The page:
- Werner, Arthur
- WWII operations
- RAN Ships
- None noted.
- September 1980 edition of the Naval Historical Review (all rights reserved)
Early in the morning, the Bosun’s pipes shrilled and the message flashed to all quarters, ‘Landing party prepare, hoist dummy funnel!’ At 5 a.m. we were in position at the entrance to the Direction Islands, not a ship was to be seen, so we dropped anchor. A landing party of fifty men, armed with rifles and machine guns and commanded by our second-in-command, von Muecke, stood on deck, ready for action. Our Captain gave von Muecke special orders that in the event of enemy resistance being encountered, that he was not to land, but to return aboard at once, the station would then be destroyed by gunfire.
The steam-driven pinnace and two boats were then lowered and our comrades sprang into them, being towed by the pinnace to the island.
At this moment the wireless station signalled to us to give our identity. As we ignored this demand, the men of the station became suspicious and at once broadcast the message, ‘Unknown warship at harbour entrance!’ All efforts were made to jam this message, but it penetrated through and was received by an enemy man-of-war. She signalled back to the station, but by this time it had already been occupied by our landing party. Fifteen minutes later we heard a crash and saw the high mast of the station collapse.
The range of the ship which had answered the last message from the station had been estimated by our wireless-operator as 250 miles, but we learned later that she had cleverly deceived us by answering only on half power and that she was actually only 50 miles away. She was escorted by three other men-of-war, all part of a troop convoy of twenty-eight ships bound for Europe from Australia. The Admiral of the Melbourne, the flagship (of our old friend from Tsingtao), had given orders to the Sydney to go to the Cocos Isles to investigate.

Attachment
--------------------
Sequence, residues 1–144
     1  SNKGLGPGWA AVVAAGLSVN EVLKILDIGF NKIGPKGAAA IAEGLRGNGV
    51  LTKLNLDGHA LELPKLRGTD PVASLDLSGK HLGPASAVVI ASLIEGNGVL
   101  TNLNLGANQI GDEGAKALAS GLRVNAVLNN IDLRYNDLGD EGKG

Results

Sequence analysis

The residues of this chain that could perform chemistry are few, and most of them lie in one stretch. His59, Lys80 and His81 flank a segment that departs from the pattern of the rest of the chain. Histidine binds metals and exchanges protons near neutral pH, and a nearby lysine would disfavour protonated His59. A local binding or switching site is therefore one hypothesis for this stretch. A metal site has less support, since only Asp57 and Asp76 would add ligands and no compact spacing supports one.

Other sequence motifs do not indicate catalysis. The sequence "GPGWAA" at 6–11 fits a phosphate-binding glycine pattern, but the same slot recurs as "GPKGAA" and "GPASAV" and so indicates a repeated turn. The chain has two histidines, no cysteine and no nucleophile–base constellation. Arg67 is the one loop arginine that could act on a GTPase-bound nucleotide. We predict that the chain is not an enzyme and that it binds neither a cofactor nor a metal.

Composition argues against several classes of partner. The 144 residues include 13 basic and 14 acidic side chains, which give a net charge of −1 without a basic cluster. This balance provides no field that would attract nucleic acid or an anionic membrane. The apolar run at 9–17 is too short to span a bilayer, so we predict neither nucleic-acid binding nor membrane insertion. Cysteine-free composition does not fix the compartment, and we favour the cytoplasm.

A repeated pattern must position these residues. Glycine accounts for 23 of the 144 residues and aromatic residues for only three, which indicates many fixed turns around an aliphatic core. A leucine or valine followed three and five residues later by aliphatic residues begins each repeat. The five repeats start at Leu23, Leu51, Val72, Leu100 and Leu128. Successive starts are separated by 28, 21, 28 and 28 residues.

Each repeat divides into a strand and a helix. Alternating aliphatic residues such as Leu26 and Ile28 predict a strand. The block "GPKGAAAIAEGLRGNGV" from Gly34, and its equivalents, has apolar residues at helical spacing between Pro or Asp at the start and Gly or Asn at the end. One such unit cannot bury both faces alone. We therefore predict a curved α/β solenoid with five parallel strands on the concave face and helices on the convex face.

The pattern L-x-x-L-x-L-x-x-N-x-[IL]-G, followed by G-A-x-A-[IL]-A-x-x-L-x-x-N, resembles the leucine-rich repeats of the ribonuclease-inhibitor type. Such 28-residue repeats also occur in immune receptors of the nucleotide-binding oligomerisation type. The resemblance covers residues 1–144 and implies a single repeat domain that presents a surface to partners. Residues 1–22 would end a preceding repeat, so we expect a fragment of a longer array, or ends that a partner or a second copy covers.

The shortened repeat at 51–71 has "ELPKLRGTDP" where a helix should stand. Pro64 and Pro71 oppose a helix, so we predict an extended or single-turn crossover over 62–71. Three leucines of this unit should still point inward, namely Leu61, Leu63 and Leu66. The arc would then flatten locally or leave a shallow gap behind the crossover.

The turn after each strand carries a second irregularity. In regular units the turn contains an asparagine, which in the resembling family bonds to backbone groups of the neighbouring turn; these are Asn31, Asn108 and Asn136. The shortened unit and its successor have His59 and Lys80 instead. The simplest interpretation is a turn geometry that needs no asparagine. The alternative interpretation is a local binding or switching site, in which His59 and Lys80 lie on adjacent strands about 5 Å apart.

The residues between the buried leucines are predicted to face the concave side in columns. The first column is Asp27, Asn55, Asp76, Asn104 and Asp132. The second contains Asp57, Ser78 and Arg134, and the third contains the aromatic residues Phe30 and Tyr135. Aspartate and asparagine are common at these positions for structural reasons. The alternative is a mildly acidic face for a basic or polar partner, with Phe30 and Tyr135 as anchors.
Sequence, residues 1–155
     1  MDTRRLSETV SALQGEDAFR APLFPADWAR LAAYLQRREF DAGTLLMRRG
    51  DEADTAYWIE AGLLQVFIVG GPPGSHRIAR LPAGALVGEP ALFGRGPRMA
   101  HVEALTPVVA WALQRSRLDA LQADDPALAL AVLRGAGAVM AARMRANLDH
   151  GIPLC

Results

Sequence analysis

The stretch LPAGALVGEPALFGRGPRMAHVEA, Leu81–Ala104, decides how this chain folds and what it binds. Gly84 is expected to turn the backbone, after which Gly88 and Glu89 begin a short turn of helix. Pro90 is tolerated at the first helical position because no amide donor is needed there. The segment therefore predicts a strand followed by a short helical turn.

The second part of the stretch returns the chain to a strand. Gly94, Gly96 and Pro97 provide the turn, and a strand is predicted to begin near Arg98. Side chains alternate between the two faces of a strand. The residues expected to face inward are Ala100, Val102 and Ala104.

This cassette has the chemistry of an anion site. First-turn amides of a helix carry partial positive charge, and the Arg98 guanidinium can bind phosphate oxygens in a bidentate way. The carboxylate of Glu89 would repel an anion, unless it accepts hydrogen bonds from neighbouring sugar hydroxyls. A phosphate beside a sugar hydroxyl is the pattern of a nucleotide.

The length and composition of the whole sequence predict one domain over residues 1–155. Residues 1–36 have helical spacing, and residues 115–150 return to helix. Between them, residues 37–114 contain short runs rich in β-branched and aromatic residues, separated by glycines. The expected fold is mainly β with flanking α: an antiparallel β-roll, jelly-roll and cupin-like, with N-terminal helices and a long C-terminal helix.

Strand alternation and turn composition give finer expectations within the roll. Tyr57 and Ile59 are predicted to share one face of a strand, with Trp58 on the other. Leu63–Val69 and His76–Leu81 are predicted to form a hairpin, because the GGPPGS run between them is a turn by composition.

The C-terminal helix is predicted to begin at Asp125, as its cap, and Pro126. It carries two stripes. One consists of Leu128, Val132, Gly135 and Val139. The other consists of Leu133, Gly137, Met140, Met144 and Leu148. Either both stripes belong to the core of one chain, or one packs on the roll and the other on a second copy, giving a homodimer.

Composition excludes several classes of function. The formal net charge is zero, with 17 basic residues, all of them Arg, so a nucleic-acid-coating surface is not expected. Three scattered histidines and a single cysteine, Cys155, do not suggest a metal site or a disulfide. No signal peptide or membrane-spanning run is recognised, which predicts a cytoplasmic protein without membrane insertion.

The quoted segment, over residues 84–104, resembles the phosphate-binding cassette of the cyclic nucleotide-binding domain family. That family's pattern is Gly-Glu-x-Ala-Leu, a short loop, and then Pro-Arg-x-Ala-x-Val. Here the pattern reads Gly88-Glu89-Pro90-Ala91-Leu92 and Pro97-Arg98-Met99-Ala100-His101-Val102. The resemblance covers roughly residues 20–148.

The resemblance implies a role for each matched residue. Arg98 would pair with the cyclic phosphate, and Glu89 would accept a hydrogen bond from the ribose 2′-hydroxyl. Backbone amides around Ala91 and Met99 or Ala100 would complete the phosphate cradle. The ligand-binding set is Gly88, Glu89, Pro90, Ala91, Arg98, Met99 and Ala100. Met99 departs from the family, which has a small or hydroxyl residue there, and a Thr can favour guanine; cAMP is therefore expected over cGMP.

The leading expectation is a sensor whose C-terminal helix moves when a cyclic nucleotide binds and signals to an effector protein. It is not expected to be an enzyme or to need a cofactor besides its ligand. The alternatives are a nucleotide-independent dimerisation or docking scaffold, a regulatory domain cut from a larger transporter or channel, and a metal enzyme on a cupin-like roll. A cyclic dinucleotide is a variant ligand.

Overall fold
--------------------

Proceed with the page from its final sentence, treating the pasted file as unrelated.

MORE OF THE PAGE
It was quite apparent that the Admiral knew that it could only be the Emden that was at the Cocos Isles.
At nine o’clock we saw a cloud of smoke approaching us from the north and assumed that it was our supply ship Buresk, which we had ordered to be at the Cocos Isles at nine o’clock.
As our coal-ship had always steamed showing very little smoke, our Captain’s suspicions were aroused and both he and his Adjutant climbed up the mast to look more closely at the ship that was giving out such an abnormally large amount of smoke. At the same time an urgent message was sent to our landing-party to make haste with their work and to return aboard without further delay. Some seconds later the signalman in the crow’s-nest reported, ‘Enemy man-of-war, with four funnels, in sight!’ Now we knew that the time had come when our hunters had finally tracked us down. In a few seconds our Captain came down and went to the bridge, whilst his Adjutant climbed higher up to the crow’s nest, to his action stations.
(To be continued)